Shimbashi Soba Neba Neba Slime

Yesterday evening I met up with my college girlfriends for a movie date followed by dinner. We watched Fast and Furious 6. While this isn’t particularly my type of movie genre, it turned out better than I had expected. Beyond the necessary brawn (Dwayne ‘The Rock’ Johnson) and babes (Gal Gadot) and heart-pumping action, it was also packed with comedic moments. It won’t be something I will remember a few months down the road, though.

FF6-shimbashi

After much dithering, we finally settled for dinner at Shimbashi Soba, a Japanese restaurant that specializes in freshly milled soba (buckwheat) noodles. I had the Neba-Neba Chilled Soba: chilled soba noodles in tsuyu sauce, topped with okra, natto, wakame, nori, tororo and a raw quail’s egg.

Shimbashi Nabe Nabe Soba

In frank terms, you may consider this a bowl of slime. Neba Neba means ‘sticky’ in Japanese. It appears that the Japanese have a food culture of slimy foods, common ones include those featured in this bowl of soba. I found the tororo (grated yamaimo or Japanese mountain yam) the most interesting. From its whitish appearance and the way they had plated the dish, I had initially thought the tororo was egg whites. However it was also fluffy, frothy, gooey and did not taste of eggs (in fact it was pretty much tasteless) which made me cast second doubts. It was only on returning home and googling about the Neba-Neba dish that I found out its origins. Tororo is prepared by grating the root, which renders it slimy, viscous and snowy white. Ahhh…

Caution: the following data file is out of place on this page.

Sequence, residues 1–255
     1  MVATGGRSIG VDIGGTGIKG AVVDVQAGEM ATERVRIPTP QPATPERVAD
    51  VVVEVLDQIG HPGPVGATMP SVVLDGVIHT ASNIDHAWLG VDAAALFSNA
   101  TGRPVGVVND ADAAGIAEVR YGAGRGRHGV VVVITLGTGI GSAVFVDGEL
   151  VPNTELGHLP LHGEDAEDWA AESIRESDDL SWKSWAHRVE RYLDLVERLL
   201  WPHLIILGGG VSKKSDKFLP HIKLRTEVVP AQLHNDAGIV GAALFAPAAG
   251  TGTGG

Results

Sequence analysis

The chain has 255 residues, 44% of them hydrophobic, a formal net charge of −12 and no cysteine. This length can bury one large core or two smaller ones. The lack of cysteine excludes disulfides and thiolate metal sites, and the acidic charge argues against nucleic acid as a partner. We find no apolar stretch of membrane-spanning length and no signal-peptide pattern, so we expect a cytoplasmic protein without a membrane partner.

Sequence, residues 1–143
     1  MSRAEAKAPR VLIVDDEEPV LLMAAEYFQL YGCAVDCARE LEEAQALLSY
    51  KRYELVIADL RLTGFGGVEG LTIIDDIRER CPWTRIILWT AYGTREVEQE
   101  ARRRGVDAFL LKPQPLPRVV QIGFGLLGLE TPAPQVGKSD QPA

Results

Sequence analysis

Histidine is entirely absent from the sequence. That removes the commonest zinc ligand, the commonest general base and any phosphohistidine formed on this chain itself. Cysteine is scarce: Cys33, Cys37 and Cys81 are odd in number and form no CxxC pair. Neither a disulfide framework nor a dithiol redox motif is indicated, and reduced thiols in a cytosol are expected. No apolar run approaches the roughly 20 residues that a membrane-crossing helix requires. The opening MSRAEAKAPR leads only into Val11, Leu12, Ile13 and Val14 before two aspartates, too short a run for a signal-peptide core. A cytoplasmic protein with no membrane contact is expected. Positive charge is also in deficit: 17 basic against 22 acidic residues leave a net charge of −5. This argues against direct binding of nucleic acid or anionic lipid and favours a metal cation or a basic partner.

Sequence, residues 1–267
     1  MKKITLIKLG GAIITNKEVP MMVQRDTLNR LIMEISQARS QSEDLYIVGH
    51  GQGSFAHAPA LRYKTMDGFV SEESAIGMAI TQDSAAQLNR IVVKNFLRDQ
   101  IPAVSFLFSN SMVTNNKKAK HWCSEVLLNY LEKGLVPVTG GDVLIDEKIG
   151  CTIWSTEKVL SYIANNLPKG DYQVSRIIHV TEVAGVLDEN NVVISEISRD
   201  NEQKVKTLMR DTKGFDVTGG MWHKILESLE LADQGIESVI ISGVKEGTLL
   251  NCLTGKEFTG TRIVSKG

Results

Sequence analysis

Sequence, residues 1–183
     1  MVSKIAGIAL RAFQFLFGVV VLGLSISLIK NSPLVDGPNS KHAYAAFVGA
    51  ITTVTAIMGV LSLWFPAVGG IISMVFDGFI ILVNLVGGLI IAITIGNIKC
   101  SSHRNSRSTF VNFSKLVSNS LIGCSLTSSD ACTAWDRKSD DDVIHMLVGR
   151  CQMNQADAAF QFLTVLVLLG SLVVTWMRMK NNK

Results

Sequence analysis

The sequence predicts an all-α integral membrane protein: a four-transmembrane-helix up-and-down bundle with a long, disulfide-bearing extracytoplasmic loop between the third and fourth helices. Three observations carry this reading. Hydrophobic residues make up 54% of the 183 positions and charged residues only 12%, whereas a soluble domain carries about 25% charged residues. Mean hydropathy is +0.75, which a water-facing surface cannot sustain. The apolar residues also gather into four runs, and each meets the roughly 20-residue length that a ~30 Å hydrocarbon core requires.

How does the mucilage in these foods come about? As for okra and yamaimo, mucilage is a type of soluble fiber of viscous nature naturally produced by plants for various functions, including protection against microorganisms and promoting seed germination by trapping moisture. On the other hand, the gooey nature of natto is imparted by the reaction of extracellular enzymes produced by Bacillus natto with soybean sugars.

A diet high in soluble fiber has numerous benefits. First since soluble fibres have the capacity to bind water and swell, they help slow down the passage of food from the mouth and stomach and thus produce a feeling of satiety. Second, soluble fibers are also great in facilitating bowel movements. While insoluble fiber alone (the fiber that cannot be digested) promotes peristalsis, stools may become too hard without the softening properties of mucilaginous soluble fiber. It may also act as an antioxidant, anti-cholesterol and anti-cancer agent, absorbing toxins in the colon and preventing some types of cell damage associated with diseases such as ulcerative colitis.

It’s amazing how one meal can perk your curiosity and make you learn so much about the foods around us.

facebook|twitter|pinterest

Your email is never published or shared. Required fields are marked *

*

*